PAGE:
Thursday, January 14, 2016 by Greg White
Clusters of stars on the outskirts of the galaxy may harbor extraterrestrial life, argue scientists at the American Astronomical Society’s annual meeting in Kissimmee, Florida. The astronomers believe regions of densely packed stars, known as globular clusters, could be home to intelligent civilizations.
The Milky Way is packed with approximately 150 globular clusters, a spherical collection of tightly bound stars that orbit a galactic core. They contain approximately 100 million stars and typically span 100 light years across.(1,2)
“A globular cluster might be the first place in which intelligent life is identified in our galaxy,” said lead author Rosanne DiStefano of the Harvard-Smithsonian Center for Astrophysics (CfA). She presented her research at a meeting with the American Astronomical Society earlier this week.(1)
Globular clusters are extremely old objects with roots tethered to the inception of the Milky Way about 10 billion years ago. Consequently, globular clusters tend to harbor fewer planets, since they are home to first generation stars, which lack heavier elements like iron and carbon that are necessary to create rocky planets. Thus far, only one planet has been found inside a globular cluster.
Nevertheless, DiStefano and her team believe the lack of planets found in globular clusters should not be cause for concern. Exoplanets have been discovered around stars that have one-tenth the iron of our own sun. And although Jupiter-like planets tend to be found around chemically rich stars, Earth-like planets have been found around stars of all shapes and sizes.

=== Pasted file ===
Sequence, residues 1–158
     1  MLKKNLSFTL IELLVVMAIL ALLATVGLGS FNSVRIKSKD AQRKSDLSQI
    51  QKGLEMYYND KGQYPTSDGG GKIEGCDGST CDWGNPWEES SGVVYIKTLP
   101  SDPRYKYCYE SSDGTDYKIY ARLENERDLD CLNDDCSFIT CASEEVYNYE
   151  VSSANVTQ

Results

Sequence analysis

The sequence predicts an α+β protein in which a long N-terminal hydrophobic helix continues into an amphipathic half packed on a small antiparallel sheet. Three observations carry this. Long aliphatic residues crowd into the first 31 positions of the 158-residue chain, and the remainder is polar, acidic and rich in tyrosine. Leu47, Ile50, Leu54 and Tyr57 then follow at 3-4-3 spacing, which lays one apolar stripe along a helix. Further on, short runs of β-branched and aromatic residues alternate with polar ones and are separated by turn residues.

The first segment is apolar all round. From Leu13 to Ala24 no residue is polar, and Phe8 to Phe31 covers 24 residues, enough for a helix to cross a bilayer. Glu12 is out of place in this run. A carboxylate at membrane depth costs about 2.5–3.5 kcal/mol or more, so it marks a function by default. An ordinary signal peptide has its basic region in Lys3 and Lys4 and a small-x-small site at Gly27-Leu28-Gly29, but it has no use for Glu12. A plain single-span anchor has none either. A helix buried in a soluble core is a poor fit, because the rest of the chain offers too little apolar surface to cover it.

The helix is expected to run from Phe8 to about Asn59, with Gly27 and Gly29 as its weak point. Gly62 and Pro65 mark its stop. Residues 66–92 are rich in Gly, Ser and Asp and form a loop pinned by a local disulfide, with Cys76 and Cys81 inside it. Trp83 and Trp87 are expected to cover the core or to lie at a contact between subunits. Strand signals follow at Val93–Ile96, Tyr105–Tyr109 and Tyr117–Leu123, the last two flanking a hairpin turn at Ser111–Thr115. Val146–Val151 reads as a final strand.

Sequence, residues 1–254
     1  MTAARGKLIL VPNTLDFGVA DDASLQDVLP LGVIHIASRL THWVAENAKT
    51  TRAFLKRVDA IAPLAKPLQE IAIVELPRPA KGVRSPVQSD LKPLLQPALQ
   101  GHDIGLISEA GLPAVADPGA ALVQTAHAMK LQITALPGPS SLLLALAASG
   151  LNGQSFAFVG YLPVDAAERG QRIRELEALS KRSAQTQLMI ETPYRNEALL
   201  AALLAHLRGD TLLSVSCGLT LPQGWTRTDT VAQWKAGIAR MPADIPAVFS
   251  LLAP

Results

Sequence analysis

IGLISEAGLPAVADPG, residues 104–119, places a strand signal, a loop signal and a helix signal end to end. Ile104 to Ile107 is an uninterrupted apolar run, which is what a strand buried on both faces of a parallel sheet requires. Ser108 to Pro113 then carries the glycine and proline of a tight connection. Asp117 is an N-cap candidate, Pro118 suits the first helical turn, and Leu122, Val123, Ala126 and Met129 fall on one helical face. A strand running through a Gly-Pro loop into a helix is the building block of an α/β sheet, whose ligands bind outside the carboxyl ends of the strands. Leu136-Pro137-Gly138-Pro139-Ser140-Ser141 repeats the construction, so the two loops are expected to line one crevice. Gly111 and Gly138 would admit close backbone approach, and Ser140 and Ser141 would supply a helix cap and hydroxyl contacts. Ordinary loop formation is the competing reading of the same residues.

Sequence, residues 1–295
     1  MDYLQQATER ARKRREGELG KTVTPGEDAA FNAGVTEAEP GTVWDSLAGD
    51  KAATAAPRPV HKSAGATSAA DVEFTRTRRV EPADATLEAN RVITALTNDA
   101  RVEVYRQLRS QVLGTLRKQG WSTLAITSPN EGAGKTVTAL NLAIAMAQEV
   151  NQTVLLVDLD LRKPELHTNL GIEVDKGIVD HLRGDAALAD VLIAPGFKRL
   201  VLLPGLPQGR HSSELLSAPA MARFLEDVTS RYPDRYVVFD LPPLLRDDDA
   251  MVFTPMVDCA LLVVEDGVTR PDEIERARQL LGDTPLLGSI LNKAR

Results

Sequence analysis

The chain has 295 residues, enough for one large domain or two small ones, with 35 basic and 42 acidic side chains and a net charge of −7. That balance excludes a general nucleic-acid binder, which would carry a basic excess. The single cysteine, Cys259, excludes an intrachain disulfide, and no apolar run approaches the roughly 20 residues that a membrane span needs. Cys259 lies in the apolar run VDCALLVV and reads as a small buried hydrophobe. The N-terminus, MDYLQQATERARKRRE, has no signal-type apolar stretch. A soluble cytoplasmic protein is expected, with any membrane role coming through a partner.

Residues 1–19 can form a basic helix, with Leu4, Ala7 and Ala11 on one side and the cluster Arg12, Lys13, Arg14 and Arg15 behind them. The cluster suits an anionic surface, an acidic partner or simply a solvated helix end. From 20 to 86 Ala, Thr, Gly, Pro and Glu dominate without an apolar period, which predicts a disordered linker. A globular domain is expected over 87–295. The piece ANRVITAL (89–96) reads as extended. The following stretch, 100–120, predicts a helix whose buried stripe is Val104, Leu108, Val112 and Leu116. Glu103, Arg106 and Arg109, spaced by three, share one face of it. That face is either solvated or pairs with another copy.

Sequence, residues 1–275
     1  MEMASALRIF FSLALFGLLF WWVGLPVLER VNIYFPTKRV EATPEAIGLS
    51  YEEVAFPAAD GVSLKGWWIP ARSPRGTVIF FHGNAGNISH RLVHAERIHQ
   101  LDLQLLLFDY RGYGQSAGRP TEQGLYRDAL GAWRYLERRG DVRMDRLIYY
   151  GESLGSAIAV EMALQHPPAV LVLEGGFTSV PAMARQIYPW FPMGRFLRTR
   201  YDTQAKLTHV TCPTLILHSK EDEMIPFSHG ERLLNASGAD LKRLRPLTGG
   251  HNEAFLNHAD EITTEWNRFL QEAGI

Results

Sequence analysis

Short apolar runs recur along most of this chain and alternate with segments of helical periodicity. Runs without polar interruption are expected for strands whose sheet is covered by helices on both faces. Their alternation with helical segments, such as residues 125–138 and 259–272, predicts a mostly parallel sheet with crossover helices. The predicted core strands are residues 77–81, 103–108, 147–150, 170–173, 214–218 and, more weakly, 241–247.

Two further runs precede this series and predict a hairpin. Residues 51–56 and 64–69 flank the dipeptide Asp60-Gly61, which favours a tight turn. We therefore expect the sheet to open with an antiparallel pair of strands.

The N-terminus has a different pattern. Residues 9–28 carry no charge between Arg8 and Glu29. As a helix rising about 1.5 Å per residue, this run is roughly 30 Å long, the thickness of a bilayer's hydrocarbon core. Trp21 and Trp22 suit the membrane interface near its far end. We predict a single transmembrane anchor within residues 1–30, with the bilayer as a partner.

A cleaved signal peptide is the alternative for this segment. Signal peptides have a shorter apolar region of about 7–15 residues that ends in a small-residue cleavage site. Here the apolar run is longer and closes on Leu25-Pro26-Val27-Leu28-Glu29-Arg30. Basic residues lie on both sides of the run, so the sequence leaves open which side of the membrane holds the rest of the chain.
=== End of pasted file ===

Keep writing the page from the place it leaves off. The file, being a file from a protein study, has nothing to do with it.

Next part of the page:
“It’s premature to say there are no planets in globular clusters,” states Alak Ray, a researcher involved in the study.(1)
The reason DiStefano and her team believe globular clusters may be a hot spot for intelligent life is that the stars are relatively close to each other, making it easier for an intelligent civilization to hop from one solar system to the next. Furthermore, globular clusters are as old as the galaxy, meaning there has been more than enough time for life to evolve.
Regardless, the close proximity of planets doesn’t necessarily increase the likelihood of life. The crowded nature of globular clusters could pose a threat to exoplanets that do form. The gravitational pull of a star could intersect with a nearby solar system, thereby flinging would-be habitable worlds into frigid interstellar space.
However, a star’s habitable zone, a region around a star that can support liquid water, varies from star to star. Brighter stars tend to have distant habitable zones, whereas dimmer stars tend to have closer habitable zones.
The bulk of stars in globular clusters are red dwarfs, which are small and relatively cool. Any exoplanet that might form in a globular cluster would be closely latched to their star, keeping the exoplanets safe from the threat of interstellar interaction.
“Once planets form, they can survive for long periods of time, even longer than the current age of the universe,” notes DiStefano.(1)
The researchers press that an intelligent civilization would enjoy a different environment from our own. The nearest star from our solar system is roughly 24 trillion miles away. By contrast, the closest star relative to another in a globular cluster is twenty times closer, or just one trillion miles away. This would make interstellar communication and exploration much easier, claim the researchers.
“The Voyager probes are 100 billion miles from Earth, or one-tenth as far as it would take to reach the closest star if we lived in a globular cluster,” said DiStefano.(1)
“That means sending an interstellar probe is something a civilization at our technological level could do in a globular cluster,” she added.(1)